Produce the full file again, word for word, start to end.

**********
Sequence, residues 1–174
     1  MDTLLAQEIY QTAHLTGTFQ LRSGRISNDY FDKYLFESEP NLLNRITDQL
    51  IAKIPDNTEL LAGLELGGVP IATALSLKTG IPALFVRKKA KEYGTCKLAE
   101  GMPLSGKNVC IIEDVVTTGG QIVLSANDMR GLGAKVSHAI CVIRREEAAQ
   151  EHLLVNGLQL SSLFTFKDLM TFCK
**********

Sequence, residues 1–174
     1  MDTLLAQEIY QTAHLTGTFQ LRSGRISNDY FDKYLFESEP NLLNRITDQL
    51  IAKIPDNTEL LAGLELGGVP IATALSLKTG IPALFVRKKA KEYGTCKLAE
   101  GMPLSGKNVC IIEDVVTTGG QIVLSANDMR GLGAKVSHAI CVIRREEAAQ
   151  EHLLVNGLQL SSLFTFKDLM TFCK